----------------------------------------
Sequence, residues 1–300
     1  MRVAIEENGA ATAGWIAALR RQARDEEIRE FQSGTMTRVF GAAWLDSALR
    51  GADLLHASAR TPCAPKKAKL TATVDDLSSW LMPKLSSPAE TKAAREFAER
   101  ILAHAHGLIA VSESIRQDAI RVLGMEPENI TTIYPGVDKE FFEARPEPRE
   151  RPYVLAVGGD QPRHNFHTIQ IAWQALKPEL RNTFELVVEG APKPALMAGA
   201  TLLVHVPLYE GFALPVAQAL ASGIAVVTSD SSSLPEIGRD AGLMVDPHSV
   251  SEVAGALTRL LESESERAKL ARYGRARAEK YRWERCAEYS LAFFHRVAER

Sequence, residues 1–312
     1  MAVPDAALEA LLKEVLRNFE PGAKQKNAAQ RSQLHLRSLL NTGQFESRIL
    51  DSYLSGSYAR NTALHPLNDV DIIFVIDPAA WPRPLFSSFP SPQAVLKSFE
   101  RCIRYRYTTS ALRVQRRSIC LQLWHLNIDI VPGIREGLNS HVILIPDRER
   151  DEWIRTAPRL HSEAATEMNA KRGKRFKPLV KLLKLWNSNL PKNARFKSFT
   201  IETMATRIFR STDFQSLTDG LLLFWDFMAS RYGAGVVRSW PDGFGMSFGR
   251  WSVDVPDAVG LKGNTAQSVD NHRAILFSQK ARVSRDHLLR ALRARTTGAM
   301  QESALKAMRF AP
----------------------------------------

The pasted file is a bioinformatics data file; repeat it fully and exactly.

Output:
Sequence, residues 1–300
     1  MRVAIEENGA ATAGWIAALR RQARDEEIRE FQSGTMTRVF GAAWLDSALR
    51  GADLLHASAR TPCAPKKAKL TATVDDLSSW LMPKLSSPAE TKAAREFAER
   101  ILAHAHGLIA VSESIRQDAI RVLGMEPENI TTIYPGVDKE FFEARPEPRE
   151  RPYVLAVGGD QPRHNFHTIQ IAWQALKPEL RNTFELVVEG APKPALMAGA
   201  TLLVHVPLYE GFALPVAQAL ASGIAVVTSD SSSLPEIGRD AGLMVDPHSV
   251  SEVAGALTRL LESESERAKL ARYGRARAEK YRWERCAEYS LAFFHRVAER

Sequence, residues 1–312
     1  MAVPDAALEA LLKEVLRNFE PGAKQKNAAQ RSQLHLRSLL NTGQFESRIL
    51  DSYLSGSYAR NTALHPLNDV DIIFVIDPAA WPRPLFSSFP SPQAVLKSFE
   101  RCIRYRYTTS ALRVQRRSIC LQLWHLNIDI VPGIREGLNS HVILIPDRER
   151  DEWIRTAPRL HSEAATEMNA KRGKRFKPLV KLLKLWNSNL PKNARFKSFT
   201  IETMATRIFR STDFQSLTDG LLLFWDFMAS RYGAGVVRSW PDGFGMSFGR
   251  WSVDVPDAVG LKGNTAQSVD NHRAILFSQK ARVSRDHLLR ALRARTTGAM
   301  QESALKAMRF AP